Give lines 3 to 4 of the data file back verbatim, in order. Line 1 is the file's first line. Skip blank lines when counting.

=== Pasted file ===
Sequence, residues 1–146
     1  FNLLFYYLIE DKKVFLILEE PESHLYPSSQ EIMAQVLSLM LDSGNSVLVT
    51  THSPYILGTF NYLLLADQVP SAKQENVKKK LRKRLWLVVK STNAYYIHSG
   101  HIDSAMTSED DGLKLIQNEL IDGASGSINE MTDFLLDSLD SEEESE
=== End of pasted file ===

    51  THSPYILGTF NYLLLADQVP SAKQENVKKK LRKRLWLVVK STNAYYIHSG
   101  HIDSAMTSED DGLKLIQNEL IDGASGSINE MTDFLLDSLD SEEESE